You can make certain types of minor changes to your house without needing to apply for planning permission, these are called "permitted development rights".
The Planning Portal has created a web page that features an interactive guide to help consumers to understand the new Permitted Development Rights. Users can simply click on the part of the house they are thinking of changing to find an explanation of the rules, see interactive guidance for householders or advice on common projects on the Planning Portal website.
In exceptional cases, permitted development rights may have been withdrawn from a property. In these circumstances, a planning application may be necessary, although no fee will be payable. To find out if this is the case please contact Development Control.
New permitted development limits for dwellinghouse
From 30 May 2013 the limits for extending dwellinghouses will change. The changes are temporary and any extension started under this new right must be completed by 30 May 2016. The changes relate to adding a single storey extension to the rear of a dwellinghouse. During this period, if the property is outside of a conservation area or a Site of Special Scientific Interest (SSSI), and it is not a listed building the following changes apply:
on detached houses, a single storey extension of up to 8 metres in length (measured from the original rear wall of the building) and less than 4 metres in height may be added subject to the prior approval of the Local Planning Authority.
on semi-detached or terraced houses, a single storey extension of up to 6 metres in length and less than 4 metres in height may be added subject to the prior approval of the Local Planning Authority.
It is important to note that the following requirements must also be met in order for a single storey extension to not require planning permission:
- the property must not have had its permitted development rights removed by a condition on a previous planning permission
- the extension cannot exceed 50% of the total area of ground around the house, within its boundary.
- the extension must not be higher than the highest part of the existing house
- the extensions eaves cannot be higher than the eaves of the existing house
- Any eaves within 2 metres a boundary cannot be higher than 3 metres.
- the materials used in any exterior work (other than in the case of a conservatory) must be of a similar appearance to those of the original house.
Before beginning the work that may benefit from the permitted development rights described above the developer must submit the following information to the Local Planning Authority:
- A written description of the proposed extension that includes the following information:
- how far the new extension would extend from the original rear wall of the dwellinghouse
- the maximum height of the extension
- the height of the eaves of the extension
- A site plan showing the proposed extension added to the dwellinghouse
- The addresses of any premises adjoining the site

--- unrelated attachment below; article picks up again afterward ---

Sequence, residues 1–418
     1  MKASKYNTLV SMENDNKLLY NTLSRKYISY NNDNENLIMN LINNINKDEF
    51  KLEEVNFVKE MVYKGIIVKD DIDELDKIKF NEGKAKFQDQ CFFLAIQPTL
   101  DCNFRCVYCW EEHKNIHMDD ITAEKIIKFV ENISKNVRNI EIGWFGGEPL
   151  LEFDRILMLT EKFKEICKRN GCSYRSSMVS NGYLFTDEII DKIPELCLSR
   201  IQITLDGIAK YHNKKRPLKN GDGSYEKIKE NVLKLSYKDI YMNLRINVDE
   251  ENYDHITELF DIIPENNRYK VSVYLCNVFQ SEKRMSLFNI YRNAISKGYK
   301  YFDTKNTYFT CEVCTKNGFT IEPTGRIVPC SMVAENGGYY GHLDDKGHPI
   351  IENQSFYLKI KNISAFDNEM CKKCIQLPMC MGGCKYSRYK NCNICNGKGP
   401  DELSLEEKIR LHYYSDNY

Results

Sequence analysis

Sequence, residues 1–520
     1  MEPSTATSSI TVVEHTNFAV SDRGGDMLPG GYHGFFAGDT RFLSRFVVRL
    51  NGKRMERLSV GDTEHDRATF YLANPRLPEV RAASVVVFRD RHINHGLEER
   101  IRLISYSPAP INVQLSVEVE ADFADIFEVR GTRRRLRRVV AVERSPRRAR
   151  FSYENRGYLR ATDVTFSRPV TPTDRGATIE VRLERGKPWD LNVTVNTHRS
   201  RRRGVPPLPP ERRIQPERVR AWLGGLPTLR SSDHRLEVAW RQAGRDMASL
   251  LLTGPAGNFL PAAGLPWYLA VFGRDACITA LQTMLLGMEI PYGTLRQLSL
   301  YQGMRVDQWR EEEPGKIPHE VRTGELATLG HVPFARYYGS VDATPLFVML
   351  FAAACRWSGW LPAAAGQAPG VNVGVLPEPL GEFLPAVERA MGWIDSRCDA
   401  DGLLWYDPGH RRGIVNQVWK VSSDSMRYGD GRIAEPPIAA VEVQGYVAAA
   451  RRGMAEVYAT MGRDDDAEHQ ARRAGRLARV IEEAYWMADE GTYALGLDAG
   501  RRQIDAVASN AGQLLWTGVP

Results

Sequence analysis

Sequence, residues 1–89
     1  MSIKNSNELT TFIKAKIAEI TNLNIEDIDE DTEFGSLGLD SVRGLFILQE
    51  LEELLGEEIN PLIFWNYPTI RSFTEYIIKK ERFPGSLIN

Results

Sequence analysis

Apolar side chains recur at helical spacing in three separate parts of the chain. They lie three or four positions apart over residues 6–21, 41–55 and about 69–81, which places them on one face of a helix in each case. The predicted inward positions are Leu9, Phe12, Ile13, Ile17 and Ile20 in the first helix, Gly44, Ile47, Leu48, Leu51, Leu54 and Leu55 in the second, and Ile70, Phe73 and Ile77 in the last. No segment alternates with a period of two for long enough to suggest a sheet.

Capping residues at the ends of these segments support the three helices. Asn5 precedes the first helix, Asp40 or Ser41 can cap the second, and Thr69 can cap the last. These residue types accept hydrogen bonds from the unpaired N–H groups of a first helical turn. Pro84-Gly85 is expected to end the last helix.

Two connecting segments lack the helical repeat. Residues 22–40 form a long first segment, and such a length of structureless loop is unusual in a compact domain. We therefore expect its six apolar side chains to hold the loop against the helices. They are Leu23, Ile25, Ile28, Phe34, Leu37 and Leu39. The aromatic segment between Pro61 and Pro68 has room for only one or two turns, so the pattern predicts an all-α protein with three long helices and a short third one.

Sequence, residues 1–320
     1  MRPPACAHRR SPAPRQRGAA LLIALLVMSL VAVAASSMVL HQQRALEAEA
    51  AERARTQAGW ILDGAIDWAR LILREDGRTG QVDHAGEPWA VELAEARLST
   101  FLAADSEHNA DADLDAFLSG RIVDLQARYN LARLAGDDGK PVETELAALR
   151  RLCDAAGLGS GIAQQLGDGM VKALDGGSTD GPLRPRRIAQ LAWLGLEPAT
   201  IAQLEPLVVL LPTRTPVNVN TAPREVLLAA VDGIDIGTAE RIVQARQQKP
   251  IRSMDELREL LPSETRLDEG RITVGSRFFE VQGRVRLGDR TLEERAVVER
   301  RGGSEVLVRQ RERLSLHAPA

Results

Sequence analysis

- The contact address of the developer (including an email address if electronic communication is acceptable to the developer)
When this information is received by the Local Planning Authority it will be checked to make sure that the proposal meets with all relevant permitted development restrictions and that the submission includes the above information. The developer will be advised if the submission is not in the correct form and/or the proposal would not benefit from permitted development allowances.
A form is available for use by clicking on the link Application for Larger Home Extensions [286kb].
What the Local Planning Authority will do
The Local Planning Authority will write to the owners or occupiers of any adjoining premises to advise them of the proposed development. This notification will include the information provided by the developer regarding the size of the extension. A copy of the notification is also sent to the developer. The persons notified have 21 days, from the date of the letter, to respond to the notification.
If no comments are received, the development may commence, following receipt of a written notice from the Local Planning Authority that prior approval of the proposed extension is not required, and that no planning permission is required.
If an objection is received within the consultation period, from the owner or occupier of any adjoining premises, the developer requires the prior approval of the Local Planning Authority. It is at this stage that the LPA has to consider the impact of the extension on the amenity of any adjoining premises. In order to consider the impact on amenity the Local Planning Authority can ask the developer for further information that is reasonably required to enable a proper consideration to take place.
The Local Planning Authority has a maximum of 21 days (following the 21 day neighbour consultation period) to consider the impact of the extension on amenity. During this period the Local Planning Authority can determine that:
- Prior approval is granted for the proposed development
- Prior approval is refused for the proposed development
If no response is received from the Local Planning Authority within the entire 42 day period, the developer may commence the extension as proposed in the notification provided that they meet all of the permitted development criteria and do not need planning permission.
Important additional information